Agricultural and Forest Meteorology     Hybrid Journal   (Followers: 17, SJR: 1.818, CiteScore: 5)
Agricultural Systems     Hybrid Journal   (Followers: 31, SJR: 1.156, CiteScore: 4)
Agricultural Water Management     Hybrid Journal   (Followers: 42, SJR: 1.272, CiteScore: 3)
Agriculture and Agricultural Science Procedia     Open Access   (Followers: 4)
Agriculture and Natural Resources     Open Access   (Followers: 3)
Agriculture, Ecosystems & Environment     Hybrid Journal   (Followers: 57, SJR: 1.747, CiteScore: 4)
Ain Shams Engineering J.     Open Access   (Followers: 5, SJR: 0.589, CiteScore: 3)
Air Medical J.     Hybrid Journal   (Followers: 6, SJR: 0.26, CiteScore: 0)
AKCE Intl. J. of Graphs and Combinatorics     Open Access   (SJR: 0.19, CiteScore: 0)
Alcohol     Hybrid Journal   (Followers: 12, SJR: 1.153, CiteScore: 3)
Alcoholism and Drug Addiction     Open Access   (Followers: 11)
Alergologia Polska : Polish J. of Allergology     Full-text available via subscription   (Followers: 1)
Alexandria Engineering J.     Open Access   (Followers: 1, SJR: 0.604, CiteScore: 3)
Alexandria J. of Medicine     Open Access   (Followers: 1, SJR: 0.191, CiteScore: 1)
Algal Research     Partially Free   (Followers: 10, SJR: 1.142, CiteScore: 4)
Alkaloids: Chemical and Biological Perspectives     Full-text available via subscription   (Followers: 2)
Allergologia et Immunopathologia     Full-text available via subscription   (Followers: 1, SJR: 0.504, CiteScore: 1)
Allergology Intl.     Open Access   (Followers: 5, SJR: 1.148, CiteScore: 2)
Alpha Omegan     Full-text available via subscription   (SJR: 3.521, CiteScore: 6)
ALTER - European J. of Disability Research / Revue Européenne de Recherche sur le Handicap     Full-text available via subscription   (Followers: 10, SJR: 0.201, CiteScore: 1)
Alzheimer's & Dementia     Hybrid Journal   (Followers: 53, SJR: 4.66, CiteScore: 10)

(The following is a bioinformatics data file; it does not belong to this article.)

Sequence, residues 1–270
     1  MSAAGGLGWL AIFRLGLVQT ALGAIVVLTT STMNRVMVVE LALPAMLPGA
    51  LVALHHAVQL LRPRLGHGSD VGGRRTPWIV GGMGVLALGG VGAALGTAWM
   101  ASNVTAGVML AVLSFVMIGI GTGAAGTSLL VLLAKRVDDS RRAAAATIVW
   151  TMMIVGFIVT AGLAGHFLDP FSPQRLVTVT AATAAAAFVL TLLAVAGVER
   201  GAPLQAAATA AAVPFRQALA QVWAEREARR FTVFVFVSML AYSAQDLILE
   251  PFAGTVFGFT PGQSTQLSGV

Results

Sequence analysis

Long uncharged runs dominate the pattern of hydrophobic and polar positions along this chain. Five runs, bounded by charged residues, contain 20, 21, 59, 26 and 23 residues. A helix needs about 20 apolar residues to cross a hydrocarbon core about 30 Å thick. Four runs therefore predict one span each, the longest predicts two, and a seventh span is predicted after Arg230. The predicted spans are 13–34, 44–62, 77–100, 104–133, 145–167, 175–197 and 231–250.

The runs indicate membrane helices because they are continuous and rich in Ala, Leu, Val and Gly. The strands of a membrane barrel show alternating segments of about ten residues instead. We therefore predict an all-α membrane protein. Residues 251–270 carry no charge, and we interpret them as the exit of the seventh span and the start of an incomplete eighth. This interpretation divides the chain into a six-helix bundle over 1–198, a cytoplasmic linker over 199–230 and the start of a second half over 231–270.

Alzheimer's & Dementia: Diagnosis, Assessment & Disease Monitoring     Open Access   (Followers: 4, SJR: 1.796, CiteScore: 4)
Alzheimer's & Dementia: Translational Research & Clinical Interventions     Open Access   (Followers: 4, SJR: 1.108, CiteScore: 3)
Ambulatory Pediatrics     Hybrid Journal   (Followers: 6)
American Heart J.     Hybrid Journal   (Followers: 53, SJR: 3.267, CiteScore: 4)
American J. of Cardiology     Hybrid Journal   (Followers: 57, SJR: 1.93, CiteScore: 3)
American J. of Emergency Medicine     Hybrid Journal   (Followers: 44, SJR: 0.604, CiteScore: 1)
American J. of Geriatric Pharmacotherapy     Full-text available via subscription   (Followers: 10)
American J. of Geriatric Psychiatry     Hybrid Journal   (Followers: 14, SJR: 1.524, CiteScore: 3)
American J. of Human Genetics     Hybrid Journal   (Followers: 34, SJR: 7.45, CiteScore: 8)
American J. of Infection Control     Hybrid Journal   (Followers: 29, SJR: 1.062, CiteScore: 2)
American J. of Kidney Diseases     Hybrid Journal   (Followers: 35, SJR: 2.973, CiteScore: 4)
American J. of Medicine     Hybrid Journal   (Followers: 48)
American J. of Medicine Supplements     Full-text available via subscription   (Followers: 3, SJR: 1.967, CiteScore: 2)
American J. of Obstetrics and Gynecology     Hybrid Journal   (Followers: 222, SJR: 2.7, CiteScore: 4)
American J. of Ophthalmology     Hybrid Journal   (Followers: 66, SJR: 3.184, CiteScore: 4)
American J. of Ophthalmology Case Reports     Open Access   (Followers: 5, SJR: 0.265, CiteScore: 0)